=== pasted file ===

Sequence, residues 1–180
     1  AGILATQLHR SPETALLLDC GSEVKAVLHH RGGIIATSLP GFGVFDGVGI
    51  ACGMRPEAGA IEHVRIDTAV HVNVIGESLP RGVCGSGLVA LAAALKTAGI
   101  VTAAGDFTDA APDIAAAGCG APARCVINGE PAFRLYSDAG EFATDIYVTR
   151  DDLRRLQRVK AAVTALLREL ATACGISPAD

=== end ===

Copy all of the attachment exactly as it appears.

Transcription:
Sequence, residues 1–180
     1  AGILATQLHR SPETALLLDC GSEVKAVLHH RGGIIATSLP GFGVFDGVGI
    51  ACGMRPEAGA IEHVRIDTAV HVNVIGESLP RGVCGSGLVA LAAALKTAGI
   101  VTAAGDFTDA APDIAAAGCG APARCVINGE PAFRLYSDAG EFATDIYVTR
   151  DDLRRLQRVK AAVTALLREL ATACGISPAD